Date of Award

Spring 1972

Document Type

Thesis

Degree Name

Master of Science in Mechanical Engineering - (M.S.)

Department

Mechanical Engineering

First Advisor

Harry Herman

Second Advisor

Michael Pappas

Third Advisor

Theodore A. Schneider

Abstract

Creep and stress-relaxation experiments were performed on silverless and silver bearing copper in the temperature range 73F to 250F. The creep experiments were conducted at constant load and temperature, the stress-relaxation tests at constant total strain and temperature for a total time period of 1000 hours. The effect of silver addition of up to 0.2 percent w/o (60oz per ton) on the creep and stress-relaxation behavior of spectrographically pure copper (99.999+ Cu) as well as on that of tough pitch and oxygen free coppers of lesser purity was studied. Spectrographically pure copper was found to be much more susceptible to creep deformation than commercial copper containing small amounts of impurities. The high purity copper appears to fail by separation of the grain boundaries with incipient microcrack formation. These microcracks act as stress concentrations, thus accelerating the creep rate. Oxide particles, present in tough pitch copper, act as stress raisers and cause this material to have a lower resistance to creep and stress relaxation than oxygen free copper containing about the same level of other impurities (with the exception of oxygen). The addition of silver to either of these two conductor materials raises the recrystallization temperature and therefore results in material having a much finer and more uniform grain structure. This results in improved resistance to creep and stress relaxation and inhibits the formation of microcracks by grain boundary separation. Creep and stress-relaxation data are presented at two stress levels and three temperatures for each of the materials studied, that will permit designers to formulate appropriate time, temperature, stress-strain relations.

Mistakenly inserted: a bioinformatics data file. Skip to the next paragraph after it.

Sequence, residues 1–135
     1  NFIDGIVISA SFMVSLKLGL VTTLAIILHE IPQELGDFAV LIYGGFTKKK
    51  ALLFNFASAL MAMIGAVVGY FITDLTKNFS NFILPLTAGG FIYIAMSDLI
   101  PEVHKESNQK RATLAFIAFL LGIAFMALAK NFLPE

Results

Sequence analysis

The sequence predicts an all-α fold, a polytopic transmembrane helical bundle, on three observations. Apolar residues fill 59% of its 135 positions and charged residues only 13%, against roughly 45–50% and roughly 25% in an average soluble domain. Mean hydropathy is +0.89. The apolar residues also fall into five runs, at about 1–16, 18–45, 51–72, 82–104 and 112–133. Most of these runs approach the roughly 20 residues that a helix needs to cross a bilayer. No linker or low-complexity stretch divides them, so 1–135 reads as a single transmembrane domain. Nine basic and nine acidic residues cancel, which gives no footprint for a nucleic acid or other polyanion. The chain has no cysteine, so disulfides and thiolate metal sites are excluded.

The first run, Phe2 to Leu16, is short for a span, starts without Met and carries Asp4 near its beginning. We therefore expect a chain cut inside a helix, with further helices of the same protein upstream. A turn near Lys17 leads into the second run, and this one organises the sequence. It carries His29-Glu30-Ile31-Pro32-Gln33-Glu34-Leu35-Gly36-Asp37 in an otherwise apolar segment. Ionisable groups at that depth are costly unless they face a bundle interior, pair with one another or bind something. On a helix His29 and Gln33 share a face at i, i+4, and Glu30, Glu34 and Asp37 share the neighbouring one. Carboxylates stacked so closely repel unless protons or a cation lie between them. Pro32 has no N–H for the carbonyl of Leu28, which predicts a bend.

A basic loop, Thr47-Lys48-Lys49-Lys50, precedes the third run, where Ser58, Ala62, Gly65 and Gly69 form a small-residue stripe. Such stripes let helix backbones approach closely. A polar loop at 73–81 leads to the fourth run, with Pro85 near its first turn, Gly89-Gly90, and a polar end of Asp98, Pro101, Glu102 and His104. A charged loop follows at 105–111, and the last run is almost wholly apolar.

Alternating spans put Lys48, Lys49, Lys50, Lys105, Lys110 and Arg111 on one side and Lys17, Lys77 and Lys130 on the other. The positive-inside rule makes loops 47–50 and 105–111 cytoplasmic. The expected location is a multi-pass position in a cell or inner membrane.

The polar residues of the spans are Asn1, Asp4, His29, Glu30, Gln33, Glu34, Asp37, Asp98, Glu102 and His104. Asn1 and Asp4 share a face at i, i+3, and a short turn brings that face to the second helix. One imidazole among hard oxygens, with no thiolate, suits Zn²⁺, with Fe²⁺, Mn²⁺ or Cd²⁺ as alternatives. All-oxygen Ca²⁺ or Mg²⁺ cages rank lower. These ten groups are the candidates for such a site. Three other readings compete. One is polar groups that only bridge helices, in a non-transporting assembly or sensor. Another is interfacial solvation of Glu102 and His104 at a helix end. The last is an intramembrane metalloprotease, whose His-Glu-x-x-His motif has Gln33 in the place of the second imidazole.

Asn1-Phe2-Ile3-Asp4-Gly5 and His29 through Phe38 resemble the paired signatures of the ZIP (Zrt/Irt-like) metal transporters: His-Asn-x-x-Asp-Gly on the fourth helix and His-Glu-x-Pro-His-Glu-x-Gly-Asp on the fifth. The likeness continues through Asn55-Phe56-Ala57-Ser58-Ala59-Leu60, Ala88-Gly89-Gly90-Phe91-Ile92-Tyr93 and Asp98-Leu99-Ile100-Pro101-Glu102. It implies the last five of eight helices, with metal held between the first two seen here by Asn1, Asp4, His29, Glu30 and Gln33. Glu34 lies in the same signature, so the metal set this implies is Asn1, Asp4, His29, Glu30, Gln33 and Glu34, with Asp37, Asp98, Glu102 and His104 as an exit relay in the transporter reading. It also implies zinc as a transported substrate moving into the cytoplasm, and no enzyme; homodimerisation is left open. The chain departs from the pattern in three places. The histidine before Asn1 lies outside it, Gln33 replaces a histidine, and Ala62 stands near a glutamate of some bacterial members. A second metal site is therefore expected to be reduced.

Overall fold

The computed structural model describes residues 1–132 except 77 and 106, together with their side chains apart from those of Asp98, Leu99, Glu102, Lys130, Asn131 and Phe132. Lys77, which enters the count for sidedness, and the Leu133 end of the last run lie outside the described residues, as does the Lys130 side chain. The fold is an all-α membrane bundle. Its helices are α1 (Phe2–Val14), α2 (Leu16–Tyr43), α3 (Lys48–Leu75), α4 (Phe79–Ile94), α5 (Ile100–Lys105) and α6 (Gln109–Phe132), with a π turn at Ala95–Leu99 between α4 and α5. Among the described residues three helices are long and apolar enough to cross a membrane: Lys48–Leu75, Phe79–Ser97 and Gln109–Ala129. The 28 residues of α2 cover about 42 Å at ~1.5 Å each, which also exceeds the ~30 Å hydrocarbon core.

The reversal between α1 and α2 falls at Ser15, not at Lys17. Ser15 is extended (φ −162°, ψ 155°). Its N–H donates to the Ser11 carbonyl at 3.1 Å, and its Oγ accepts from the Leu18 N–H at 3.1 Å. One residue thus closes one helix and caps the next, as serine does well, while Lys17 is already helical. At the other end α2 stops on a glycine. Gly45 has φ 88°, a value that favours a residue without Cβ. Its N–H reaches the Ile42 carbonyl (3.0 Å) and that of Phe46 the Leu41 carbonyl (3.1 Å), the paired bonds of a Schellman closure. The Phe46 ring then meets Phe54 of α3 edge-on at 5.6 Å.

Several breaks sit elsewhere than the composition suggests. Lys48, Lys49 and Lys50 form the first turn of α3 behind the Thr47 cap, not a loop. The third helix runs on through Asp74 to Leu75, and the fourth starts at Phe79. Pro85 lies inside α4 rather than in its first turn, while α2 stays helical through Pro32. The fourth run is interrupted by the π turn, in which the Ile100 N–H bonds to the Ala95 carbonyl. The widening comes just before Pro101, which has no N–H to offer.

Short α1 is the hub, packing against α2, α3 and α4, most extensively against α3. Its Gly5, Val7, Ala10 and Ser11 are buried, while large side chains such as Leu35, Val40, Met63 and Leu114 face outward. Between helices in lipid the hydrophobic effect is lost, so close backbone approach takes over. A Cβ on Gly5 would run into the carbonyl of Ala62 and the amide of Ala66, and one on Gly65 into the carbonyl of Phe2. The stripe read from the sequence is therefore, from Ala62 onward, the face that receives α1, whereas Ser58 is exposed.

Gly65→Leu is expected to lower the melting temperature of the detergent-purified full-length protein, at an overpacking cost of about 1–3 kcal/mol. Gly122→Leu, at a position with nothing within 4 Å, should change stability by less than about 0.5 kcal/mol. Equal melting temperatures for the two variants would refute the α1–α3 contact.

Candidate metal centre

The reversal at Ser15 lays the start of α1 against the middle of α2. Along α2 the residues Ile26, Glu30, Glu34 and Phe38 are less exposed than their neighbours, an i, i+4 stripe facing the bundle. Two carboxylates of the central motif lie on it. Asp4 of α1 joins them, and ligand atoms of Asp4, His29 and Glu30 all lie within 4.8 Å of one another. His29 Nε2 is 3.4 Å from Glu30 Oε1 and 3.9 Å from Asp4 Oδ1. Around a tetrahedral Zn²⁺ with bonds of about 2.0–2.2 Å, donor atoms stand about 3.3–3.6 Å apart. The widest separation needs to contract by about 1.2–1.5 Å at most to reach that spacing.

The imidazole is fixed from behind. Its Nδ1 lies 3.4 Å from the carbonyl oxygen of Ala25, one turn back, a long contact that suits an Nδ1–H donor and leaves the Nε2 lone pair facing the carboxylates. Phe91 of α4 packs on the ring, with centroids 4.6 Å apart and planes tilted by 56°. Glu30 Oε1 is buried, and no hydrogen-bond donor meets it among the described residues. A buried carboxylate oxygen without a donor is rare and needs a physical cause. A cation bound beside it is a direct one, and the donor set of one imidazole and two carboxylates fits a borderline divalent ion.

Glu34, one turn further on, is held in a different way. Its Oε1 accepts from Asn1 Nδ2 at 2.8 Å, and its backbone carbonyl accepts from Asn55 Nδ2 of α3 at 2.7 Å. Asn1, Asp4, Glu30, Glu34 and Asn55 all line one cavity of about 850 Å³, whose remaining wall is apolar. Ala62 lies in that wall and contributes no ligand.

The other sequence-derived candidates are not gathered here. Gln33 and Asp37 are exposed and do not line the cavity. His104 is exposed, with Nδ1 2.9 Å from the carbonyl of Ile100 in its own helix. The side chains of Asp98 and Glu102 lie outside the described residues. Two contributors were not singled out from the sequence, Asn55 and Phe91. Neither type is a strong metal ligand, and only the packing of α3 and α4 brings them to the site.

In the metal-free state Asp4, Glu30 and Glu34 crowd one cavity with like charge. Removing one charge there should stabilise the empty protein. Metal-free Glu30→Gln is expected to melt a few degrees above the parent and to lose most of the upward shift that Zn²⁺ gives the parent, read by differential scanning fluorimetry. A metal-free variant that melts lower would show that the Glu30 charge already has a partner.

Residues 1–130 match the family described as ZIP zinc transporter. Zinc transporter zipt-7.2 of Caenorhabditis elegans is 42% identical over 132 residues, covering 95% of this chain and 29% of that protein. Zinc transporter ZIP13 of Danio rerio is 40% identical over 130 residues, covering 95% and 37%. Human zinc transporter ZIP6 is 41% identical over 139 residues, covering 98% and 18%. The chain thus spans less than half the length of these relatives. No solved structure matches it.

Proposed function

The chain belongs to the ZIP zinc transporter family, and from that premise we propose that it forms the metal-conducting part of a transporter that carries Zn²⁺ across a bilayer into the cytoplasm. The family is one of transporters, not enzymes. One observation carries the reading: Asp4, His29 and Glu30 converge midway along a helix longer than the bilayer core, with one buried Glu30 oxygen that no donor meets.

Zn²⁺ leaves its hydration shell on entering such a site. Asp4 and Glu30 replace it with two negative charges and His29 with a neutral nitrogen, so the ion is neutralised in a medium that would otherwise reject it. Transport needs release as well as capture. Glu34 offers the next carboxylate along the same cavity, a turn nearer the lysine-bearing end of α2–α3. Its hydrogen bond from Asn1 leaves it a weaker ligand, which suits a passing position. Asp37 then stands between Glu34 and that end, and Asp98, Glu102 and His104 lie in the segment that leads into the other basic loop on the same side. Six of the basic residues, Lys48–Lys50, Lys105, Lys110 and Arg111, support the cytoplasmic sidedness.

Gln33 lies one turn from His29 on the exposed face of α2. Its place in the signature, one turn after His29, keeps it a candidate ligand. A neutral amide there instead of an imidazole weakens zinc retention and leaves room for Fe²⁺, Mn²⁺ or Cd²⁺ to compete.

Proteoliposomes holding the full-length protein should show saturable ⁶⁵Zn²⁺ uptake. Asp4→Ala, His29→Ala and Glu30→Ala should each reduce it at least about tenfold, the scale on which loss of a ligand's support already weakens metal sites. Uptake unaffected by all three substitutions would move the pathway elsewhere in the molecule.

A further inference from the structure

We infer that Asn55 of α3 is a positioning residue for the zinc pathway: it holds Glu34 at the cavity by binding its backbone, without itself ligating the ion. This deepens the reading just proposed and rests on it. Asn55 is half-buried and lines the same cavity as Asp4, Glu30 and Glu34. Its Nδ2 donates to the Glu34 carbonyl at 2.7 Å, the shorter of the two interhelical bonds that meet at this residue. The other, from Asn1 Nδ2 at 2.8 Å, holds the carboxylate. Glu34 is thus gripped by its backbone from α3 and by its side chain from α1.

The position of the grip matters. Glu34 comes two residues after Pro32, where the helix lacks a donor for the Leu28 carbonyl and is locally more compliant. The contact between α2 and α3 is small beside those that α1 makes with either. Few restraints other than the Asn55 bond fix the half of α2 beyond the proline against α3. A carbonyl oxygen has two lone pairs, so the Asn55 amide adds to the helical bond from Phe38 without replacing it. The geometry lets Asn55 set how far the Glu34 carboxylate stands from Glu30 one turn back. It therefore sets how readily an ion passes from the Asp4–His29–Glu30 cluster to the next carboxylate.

Silver addition in excess of 25oz per ton (0.09 w/o%) produces further improvement in resistance to creep and stress relaxation. Sufficient strengthening is achieved, however, with the 25oz per ton addition in the temperature range of interest (73F to 250F) to justify the use of this material as a suitable and economical replacement for tough pitch copper in miniaturized applications where long time dimensional stability is important.

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